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The number of methamphetamine-related deaths in Australia doubled between 2009 and 2015 with heart disease and violent suicide identified as prominent causes of death, a study from the National Drug and Alcohol Research Centre has found.

The study, published in the journal Addiction, analysed 1649 cases of -related death retrieved from the National Coronial Information System (NCIS) and found that in a fifth of cases (22%) death was attributed to natural disease in conjunction with methamphetamine toxicity.

The most frequent natural disease was cardiac and/or cardiovascular disease and stroke.

Lead author UNSW Professor Shane Darke said these results are indicative of a major public health issue and highlight a hidden problem.

"To see such large and significant increases in mortality rates over the study period indicates a major methamphetamine problem.

"With so much public attention focused on violence, many users may be unaware that is a major factor in methamphetamine-related death.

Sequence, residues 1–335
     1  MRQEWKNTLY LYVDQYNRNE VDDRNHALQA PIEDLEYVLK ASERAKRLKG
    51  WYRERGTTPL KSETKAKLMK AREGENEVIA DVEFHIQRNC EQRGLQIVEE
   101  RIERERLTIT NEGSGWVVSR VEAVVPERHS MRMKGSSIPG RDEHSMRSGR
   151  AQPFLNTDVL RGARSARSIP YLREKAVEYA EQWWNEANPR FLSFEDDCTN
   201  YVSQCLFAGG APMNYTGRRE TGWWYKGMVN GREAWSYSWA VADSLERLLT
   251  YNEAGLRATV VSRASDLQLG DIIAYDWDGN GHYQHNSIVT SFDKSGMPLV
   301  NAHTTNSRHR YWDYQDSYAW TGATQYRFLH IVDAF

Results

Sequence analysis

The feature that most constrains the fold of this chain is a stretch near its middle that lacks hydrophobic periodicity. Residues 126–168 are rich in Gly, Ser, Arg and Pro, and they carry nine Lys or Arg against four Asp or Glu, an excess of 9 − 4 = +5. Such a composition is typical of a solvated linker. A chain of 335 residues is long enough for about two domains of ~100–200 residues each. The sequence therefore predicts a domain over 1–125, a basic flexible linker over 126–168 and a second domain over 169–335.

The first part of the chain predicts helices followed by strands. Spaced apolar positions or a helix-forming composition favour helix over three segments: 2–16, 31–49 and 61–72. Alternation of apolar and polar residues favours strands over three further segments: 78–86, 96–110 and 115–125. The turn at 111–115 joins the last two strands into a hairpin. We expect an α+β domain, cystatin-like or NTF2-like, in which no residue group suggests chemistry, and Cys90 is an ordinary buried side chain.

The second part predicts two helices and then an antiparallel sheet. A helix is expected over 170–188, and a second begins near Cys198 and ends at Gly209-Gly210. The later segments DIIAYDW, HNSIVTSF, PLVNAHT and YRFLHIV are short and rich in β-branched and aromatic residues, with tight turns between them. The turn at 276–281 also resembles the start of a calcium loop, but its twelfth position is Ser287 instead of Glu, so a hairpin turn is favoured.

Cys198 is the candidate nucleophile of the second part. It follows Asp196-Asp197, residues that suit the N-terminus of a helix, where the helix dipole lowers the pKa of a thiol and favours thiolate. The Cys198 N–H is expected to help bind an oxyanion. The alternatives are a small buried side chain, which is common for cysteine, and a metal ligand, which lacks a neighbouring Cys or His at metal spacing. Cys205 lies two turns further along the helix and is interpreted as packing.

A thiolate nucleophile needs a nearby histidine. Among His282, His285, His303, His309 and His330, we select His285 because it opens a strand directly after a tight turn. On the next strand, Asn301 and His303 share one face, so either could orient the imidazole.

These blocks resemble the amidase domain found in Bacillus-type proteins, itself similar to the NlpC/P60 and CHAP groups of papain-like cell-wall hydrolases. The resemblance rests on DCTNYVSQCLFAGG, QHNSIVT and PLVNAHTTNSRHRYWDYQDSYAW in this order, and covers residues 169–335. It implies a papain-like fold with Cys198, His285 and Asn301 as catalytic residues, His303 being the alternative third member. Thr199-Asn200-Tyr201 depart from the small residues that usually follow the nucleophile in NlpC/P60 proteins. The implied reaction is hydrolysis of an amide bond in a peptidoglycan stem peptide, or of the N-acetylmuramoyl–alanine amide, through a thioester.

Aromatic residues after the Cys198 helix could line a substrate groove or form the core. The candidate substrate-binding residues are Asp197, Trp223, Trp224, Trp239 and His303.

"Without increased awareness of the connection between methamphetamine use and cardiac and/or cardiovascular disease we could expect to see a significant increase in cases of this kind in the coming years," Professor Darke said.

Suicide accounted for 300 methamphetamine-related deaths (18%) with specific characteristics around methods and gender.

"The impulsivity and disinhibition associated with methamphetamine intoxication may be a factor," Professor Darke said.

"Health professionals need to be aware of the prominent role of violent suicide and take appropriate steps to monitor methamphetamine users."

Other findings of the study include:

  • Nearly half of cases occurring in rural and regional locations.
  • The most common manner of death (43%) is accidental drug toxicity.
  • Even modest amounts of methamphetamine may provoke cardiac arrhythmia.
  • There were 245 deaths from traumatic accidents, including 156 where the person was driving a car or motorbike.
  • Methamphetamine is a major public health problem of increasing significance, of which death represents the most severe end.

Journal information: Addiction